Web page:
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There, hosted by the king himself, Fidelma is presented with her knottiest problem yet - an entire monastic community from the nearby countryside has disappeared without a trace. While investigating this seeming impossibility, Fidelma and Eadulf are confronted with the apparently unrelated and shocking murder of a local girl - a death marked by more tragedy and consequence than anyone could have imagined.
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By Christy on 05-17-15
Great glimpse of 7th-century history
I first have to say how pleased I am to have this series available on audio. It was such an unexpected discovery during the half-price sale - I decided to browse Mysteries, then Historical, and suddenly found Fidelma on audio. Not just one, but nearly the whole series.
I discovered these books about 8 years ago, when a friend and I who were great Dame Frevisse fans (Gail Frazer series of a small order of nuns in 12th-century Britain), ran out of new titles and were looking for a new "medieval mysteries" series. I had read all of Brother Cadfael (Ellis Peters), which I loved, and was looking for another comparable group of books. We stumbled on Peter Tremayne's excellent stories of ancient Ireland, and began reading them in order. My friend worked her way all through the books, but I stopped around book 8 and always meant to get back to them. So now I am back to them and have quickly polished off the next three, listening instead of reading. What a treat!
This one has Fidelma and her companion Eadulf unexpectedly in a kingdom of Britons, having been forced from a sea journey originally planned to return to Canterbury for Eadulf's job with the bishop. The historical conflicts and prejudices of the Britons toward almost everyone else (Saxons and Irish in particular, especially Christians) take a large part in this book, and Fidelma has a very hard time asserting her authority in law, even when the local lord has granted her such. Eadulf has the worst of it, though, since as a Saxon he is painted by the locals with the broad brush of being part of murdering Saxon hordes. A dual mystery, Tremayne's wonderful touch with showing the local customs of the day and each area is much in evidence.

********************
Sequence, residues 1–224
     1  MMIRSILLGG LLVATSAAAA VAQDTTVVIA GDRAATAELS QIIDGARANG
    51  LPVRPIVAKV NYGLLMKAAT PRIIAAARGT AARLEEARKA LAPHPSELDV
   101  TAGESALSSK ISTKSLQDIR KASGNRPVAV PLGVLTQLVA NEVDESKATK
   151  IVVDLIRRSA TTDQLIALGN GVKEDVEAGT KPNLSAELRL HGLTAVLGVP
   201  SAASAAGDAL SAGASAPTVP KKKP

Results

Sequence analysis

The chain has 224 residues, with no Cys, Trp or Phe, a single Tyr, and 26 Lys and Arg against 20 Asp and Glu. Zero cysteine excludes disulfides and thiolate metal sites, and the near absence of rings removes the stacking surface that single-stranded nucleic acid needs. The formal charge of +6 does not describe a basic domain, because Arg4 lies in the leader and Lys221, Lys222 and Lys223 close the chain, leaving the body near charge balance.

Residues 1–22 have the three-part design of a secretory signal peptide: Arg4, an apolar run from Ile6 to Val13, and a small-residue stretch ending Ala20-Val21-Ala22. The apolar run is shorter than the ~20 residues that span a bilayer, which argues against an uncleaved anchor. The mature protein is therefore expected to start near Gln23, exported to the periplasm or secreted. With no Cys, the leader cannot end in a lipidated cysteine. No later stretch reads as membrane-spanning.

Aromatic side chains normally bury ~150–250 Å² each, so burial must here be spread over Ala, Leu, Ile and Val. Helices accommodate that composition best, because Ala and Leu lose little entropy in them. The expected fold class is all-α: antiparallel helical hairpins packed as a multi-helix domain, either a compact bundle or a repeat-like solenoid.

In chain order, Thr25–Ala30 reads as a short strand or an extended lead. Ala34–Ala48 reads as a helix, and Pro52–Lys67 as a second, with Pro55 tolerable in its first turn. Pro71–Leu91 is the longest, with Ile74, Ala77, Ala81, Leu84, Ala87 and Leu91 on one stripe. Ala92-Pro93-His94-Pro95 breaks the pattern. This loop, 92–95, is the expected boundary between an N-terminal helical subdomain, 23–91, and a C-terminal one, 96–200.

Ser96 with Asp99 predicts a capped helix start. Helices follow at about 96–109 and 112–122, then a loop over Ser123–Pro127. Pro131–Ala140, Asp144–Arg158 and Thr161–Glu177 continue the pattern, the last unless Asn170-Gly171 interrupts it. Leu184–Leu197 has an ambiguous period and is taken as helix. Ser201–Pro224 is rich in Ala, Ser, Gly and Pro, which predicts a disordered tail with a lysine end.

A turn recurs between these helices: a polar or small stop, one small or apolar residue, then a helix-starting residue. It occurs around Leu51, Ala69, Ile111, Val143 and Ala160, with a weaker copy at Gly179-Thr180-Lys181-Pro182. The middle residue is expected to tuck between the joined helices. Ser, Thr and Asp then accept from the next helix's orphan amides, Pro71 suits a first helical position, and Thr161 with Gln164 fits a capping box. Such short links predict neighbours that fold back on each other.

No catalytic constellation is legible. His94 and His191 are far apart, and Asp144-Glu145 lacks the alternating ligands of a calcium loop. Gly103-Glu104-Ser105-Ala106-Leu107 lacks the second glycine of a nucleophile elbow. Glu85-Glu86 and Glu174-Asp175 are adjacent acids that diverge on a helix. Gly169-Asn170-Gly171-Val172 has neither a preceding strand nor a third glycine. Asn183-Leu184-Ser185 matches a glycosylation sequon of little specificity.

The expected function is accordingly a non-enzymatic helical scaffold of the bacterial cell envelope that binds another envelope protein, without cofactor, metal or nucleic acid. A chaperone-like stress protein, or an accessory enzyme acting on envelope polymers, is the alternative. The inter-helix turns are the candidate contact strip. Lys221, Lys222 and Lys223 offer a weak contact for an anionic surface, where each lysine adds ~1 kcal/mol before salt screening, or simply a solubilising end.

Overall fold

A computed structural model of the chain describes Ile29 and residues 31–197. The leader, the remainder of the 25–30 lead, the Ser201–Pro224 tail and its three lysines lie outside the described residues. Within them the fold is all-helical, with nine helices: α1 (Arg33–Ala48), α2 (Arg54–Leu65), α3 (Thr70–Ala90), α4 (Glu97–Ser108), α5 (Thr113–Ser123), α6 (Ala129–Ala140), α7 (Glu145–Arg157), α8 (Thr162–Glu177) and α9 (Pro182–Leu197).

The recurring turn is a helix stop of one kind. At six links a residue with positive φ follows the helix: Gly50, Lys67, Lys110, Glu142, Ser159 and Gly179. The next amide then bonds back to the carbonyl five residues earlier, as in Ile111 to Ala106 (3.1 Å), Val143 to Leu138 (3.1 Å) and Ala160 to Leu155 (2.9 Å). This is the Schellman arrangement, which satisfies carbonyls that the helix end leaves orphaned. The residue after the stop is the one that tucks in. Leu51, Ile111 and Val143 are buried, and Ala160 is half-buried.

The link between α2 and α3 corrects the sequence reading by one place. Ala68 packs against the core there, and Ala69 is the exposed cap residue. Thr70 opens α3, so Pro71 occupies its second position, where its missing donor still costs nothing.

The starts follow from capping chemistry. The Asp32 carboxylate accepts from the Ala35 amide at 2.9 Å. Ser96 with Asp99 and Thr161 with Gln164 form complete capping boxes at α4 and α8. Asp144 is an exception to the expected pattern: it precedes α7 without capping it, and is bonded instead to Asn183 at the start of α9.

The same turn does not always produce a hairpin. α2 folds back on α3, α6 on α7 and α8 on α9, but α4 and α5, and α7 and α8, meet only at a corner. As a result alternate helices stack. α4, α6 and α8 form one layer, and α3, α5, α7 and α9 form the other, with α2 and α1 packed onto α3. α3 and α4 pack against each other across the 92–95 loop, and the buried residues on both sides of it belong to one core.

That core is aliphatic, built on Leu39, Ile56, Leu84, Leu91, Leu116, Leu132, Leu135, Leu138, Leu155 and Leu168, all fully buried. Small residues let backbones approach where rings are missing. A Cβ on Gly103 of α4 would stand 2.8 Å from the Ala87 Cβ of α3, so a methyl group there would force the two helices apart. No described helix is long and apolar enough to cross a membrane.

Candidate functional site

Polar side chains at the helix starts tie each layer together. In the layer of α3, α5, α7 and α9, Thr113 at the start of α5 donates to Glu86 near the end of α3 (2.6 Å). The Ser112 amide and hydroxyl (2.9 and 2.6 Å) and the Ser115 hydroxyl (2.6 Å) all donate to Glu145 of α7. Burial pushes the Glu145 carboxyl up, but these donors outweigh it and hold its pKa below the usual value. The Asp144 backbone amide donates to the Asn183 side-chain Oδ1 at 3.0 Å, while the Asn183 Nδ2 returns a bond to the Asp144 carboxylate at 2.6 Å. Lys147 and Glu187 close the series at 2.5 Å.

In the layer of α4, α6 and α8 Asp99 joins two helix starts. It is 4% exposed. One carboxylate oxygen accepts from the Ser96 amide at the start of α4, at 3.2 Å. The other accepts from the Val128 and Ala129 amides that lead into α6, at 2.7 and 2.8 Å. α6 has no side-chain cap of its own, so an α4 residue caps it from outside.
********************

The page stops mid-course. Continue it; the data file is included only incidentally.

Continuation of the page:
I highly recommend this series. Since the first few books are prefaced (in print) by a lengthy (but highly informative) piece about what it was like in 7th-century Ireland, you might want to take a look at a print edition of the first installment: Absolution for Murder, before diving into the audio editions. Tremayne's historical scholarship does not intrude in his books - I find them a fascinating and enjoyable way to learn history - so he does go into some historical detail in the preface. Not reading it might make you miss some subtleties in the stories.
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